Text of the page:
The third photo is from the paper on December 8th. Mr. Kallestad and Mr. Shaw are off the front page. There is talk of little else besides the yogurt shop murders. People are uniting behind the police as they track down the criminals. There is no further mention of Mr. Kallestad on Monday, if you were wondering. He is off the front page and he stays off the front page.
The sidebar story on the third page is interesting when you think, hey, a bunch of cops just got arrested yesterday for having sex with teenage girls, and then a bunch of teenage girls were brutally murdered, and honestly isn’t this sort of wildly suspicious timing? I never heard of Ms. Jessica Rose Marie Reeves before today, and she does not appear on the internet. I do know that Killeen is not far from Austin at all, less than an hour north.
The next article is from the 9th of December. I put it in here as pure speculation, but it certainly jibes with other things. It is my speculation that the killers are dead, and have been dead since very shortly after the murders. I have no idea who these people in the article are either — again, today is the first time I ever heard of them. But I would not be at all surprised to find that the real killers met their fate something like this, and it’s interesting that it happened on the 9th. I would also not at all be surprised to hear that the killers were rich, and it says right there that they were well known at the golf club. I’d like to know more.
I’d also like to be clear that I believe the APD of 1991 and the APD of 2012 to be entirely different animals. The police were flagrantly corrupt in the early nineties, and it caused a public outcry that has molded them into a model of a professional police department. I do not agree with most things that the modern APD does, and I have major problems with their base philosophy, but I want to be clear that I am aware of no connection whatsoever between the modern APD and the days of “The Family,” when Shaw and Cates ran a brutal domain. In fact, I think there is a strong movement within the APD that is as horrified by killings as anyone, and wish to bring the story to light. There are a lot of people who know a lot about this story in Austin. If you talk to people who were around then, it’s not as much a “We have no idea what happened” story as a “we know and we don’t talk about it.” Make no mistake; this was a terrorist attack, and it scared the hell out of a lot of people.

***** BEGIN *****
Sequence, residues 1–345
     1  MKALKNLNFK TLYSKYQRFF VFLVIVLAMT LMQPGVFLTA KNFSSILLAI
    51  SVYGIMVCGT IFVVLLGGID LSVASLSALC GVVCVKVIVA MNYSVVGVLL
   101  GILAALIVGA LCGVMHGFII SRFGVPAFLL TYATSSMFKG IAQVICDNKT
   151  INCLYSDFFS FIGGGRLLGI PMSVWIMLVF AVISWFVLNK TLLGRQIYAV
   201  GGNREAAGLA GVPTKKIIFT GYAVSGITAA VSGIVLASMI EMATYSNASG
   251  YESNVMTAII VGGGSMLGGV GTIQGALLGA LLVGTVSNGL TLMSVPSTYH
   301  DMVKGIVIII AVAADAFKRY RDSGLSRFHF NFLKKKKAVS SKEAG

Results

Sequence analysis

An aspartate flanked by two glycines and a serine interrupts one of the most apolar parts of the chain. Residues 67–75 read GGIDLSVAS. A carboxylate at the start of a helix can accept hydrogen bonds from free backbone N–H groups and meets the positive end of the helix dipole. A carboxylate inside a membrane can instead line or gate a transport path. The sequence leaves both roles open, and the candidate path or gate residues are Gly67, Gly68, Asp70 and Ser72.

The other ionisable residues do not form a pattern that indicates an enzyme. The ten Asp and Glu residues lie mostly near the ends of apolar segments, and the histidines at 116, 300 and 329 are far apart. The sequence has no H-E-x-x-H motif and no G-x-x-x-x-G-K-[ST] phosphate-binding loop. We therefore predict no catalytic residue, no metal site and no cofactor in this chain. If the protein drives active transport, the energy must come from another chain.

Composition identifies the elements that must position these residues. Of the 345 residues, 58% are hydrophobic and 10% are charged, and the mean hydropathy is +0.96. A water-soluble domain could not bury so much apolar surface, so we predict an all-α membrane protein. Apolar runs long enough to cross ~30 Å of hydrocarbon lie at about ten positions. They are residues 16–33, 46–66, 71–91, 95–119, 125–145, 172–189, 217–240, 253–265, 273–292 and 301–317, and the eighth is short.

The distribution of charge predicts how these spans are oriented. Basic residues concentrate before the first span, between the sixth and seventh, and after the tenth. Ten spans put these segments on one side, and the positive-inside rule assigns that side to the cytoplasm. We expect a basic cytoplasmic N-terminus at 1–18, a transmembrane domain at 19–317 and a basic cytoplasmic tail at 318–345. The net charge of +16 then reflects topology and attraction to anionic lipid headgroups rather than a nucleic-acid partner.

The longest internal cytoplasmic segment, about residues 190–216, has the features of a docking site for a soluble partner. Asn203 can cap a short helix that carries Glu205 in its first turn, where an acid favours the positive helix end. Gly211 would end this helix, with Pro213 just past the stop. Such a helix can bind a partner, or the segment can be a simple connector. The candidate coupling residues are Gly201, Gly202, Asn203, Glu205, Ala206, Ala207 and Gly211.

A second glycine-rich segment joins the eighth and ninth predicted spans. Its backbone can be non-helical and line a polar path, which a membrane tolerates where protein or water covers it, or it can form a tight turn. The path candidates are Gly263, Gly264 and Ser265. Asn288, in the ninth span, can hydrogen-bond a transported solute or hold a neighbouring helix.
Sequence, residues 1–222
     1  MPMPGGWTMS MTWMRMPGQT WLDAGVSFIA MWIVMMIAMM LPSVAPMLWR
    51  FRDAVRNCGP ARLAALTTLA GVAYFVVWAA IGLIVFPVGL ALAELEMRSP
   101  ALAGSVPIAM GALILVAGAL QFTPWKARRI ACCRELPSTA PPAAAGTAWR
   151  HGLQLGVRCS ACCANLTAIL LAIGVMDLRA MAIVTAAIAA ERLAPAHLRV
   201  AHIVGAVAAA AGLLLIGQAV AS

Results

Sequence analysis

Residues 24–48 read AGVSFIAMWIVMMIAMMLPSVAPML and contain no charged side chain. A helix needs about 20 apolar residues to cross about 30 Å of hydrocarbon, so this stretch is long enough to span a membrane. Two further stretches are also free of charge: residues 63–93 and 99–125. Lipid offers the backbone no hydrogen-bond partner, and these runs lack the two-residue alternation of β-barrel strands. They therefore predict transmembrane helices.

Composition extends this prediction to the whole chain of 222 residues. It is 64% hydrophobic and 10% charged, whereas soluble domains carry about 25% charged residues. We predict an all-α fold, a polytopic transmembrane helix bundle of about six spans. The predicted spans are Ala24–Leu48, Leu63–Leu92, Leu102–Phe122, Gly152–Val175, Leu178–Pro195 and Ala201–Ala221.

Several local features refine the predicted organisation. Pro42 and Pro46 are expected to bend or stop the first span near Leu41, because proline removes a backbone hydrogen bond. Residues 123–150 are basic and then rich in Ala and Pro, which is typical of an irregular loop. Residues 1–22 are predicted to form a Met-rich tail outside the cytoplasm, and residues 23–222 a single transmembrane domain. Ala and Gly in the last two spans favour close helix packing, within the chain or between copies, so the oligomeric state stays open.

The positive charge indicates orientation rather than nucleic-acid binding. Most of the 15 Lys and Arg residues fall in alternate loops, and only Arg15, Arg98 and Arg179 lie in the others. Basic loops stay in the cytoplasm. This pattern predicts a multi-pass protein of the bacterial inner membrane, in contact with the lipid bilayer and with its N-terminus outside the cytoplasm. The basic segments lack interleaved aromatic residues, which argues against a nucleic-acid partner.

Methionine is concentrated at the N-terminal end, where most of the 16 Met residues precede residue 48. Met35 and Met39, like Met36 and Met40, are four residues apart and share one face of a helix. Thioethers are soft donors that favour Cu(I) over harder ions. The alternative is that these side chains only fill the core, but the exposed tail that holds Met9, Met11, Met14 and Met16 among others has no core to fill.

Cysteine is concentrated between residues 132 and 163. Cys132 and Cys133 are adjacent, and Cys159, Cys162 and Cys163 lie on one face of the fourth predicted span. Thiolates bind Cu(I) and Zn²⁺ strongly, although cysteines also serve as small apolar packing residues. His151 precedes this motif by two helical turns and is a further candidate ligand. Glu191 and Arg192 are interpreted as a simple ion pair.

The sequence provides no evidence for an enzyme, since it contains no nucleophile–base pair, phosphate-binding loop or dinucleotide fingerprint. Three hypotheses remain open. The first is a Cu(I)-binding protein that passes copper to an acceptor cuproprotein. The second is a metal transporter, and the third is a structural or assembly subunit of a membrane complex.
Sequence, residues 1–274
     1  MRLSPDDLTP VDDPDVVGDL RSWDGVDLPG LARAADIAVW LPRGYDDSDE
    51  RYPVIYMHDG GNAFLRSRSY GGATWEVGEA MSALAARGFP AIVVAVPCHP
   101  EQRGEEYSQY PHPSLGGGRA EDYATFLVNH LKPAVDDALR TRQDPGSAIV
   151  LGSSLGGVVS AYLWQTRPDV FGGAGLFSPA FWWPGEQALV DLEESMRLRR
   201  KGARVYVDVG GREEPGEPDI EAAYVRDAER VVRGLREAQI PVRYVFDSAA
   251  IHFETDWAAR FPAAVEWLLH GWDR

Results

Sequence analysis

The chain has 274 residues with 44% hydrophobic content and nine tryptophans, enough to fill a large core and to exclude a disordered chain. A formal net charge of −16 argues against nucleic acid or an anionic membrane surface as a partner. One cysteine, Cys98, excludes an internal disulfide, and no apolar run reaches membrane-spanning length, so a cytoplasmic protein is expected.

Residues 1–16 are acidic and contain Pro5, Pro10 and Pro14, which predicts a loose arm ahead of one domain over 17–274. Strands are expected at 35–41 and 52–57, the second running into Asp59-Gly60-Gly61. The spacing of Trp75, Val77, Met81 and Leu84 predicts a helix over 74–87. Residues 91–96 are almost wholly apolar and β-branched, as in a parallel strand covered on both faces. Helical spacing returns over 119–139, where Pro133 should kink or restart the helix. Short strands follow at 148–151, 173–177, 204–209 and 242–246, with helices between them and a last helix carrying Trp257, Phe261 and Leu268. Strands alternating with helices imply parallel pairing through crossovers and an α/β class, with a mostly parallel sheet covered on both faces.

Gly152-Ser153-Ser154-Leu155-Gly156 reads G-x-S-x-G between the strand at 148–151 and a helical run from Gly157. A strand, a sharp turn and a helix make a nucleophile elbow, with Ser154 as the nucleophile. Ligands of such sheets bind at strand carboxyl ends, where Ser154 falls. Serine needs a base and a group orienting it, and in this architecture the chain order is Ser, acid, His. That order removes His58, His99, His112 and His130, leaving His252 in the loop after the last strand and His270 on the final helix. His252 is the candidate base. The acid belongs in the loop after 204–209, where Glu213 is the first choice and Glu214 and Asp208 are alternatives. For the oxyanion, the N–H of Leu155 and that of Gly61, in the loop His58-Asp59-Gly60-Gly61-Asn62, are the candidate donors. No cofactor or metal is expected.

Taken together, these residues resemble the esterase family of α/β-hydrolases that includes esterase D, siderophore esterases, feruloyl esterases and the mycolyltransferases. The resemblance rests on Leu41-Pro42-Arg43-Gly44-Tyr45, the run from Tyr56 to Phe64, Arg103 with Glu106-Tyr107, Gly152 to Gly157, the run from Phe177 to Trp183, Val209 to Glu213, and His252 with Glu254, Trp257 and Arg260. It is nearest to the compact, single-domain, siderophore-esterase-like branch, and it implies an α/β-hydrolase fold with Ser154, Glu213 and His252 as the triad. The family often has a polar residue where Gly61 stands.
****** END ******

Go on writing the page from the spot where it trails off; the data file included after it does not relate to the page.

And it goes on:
If I haven’t been clear, here are my conclusions: corrupt elements within the APD in 1991 commited or conspired the deaths of those four girls as a terrorist attack to distract the city from their own malfeasance. They also killed other people to cover their tracks. Most of those “elements” are now dead, retired, in jail, and powerless, so the story is really gaining momentum.
Your conclusions are of course your own, but that’s what I’m taking away from this.
Merle: Man, it sure is rough being handcuffed to a roof in a town full of zombies. Maybe if I hadn’t been such a crazy racist I wouldn’t be stuck here. On the other hand, bad luck had a lot to do with it. I guess you could say it was nature AND nurture.
Merle: Those zombies sure are scary, and if they could get through that fire door I bet they’d eat me up in a trice. Well, better get to escaping.
(through complicated maneuverings drags hacksaw across roof to self with belt).
Merle: what to do…what to do. Well, guess there’s nothing to it but to cut my arm off.
(sticks tongue out, screws out eyes, prepares to cut).
Merle: Wait! I almost forgot the most important part! The tourniquet.
(takes shirt off, wraps it around arm, ties off. Arm immediately turns bright red)
Merle: Legendary badassery here I come! Think I’ll start with the back of my wrist, save the veins and tendons for dessert.
(begins to saw through skin. Hacksaw quickly clots with bits of flesh)
Merle: Wow, this hacksaw doesn’t work very well. It’s almost like it’s designed to cut through metal instead of flesh. Of course, it’s so dull that it won’t cut through metal (obviously, or I wouldn’t be sawing my own arm off) but how is it therefore sharp enough to cut through flesh and bone? Oh well I will just have to saw harder.
(cuts through the outer layer of epidermis, begins to peel fascia away from inner sheathing of muscle and bone. Fingers begin to jerk uncontrollably as the tendons are slowly abraded away).
Merle: My goodness, that smarts! Good thing I have lots and lots of time while those zombies:
Merle: those zombies over there repeatedly try and fail to get through a locked door. You know, I’ve been out here so long, sawing on my own arm in the hot Atlanta sun, monologuing, I guess it wasn’t really that important to escape quickly. Those guys could have hung around for a while and really helped me not be handcuffed to a roof as much. Then I wouldn’t have to saw my own arm off. This is definitely their fault, by the way. Every time I sever another tendon
(there is a plonk!ing sound as one of his tendons breaks)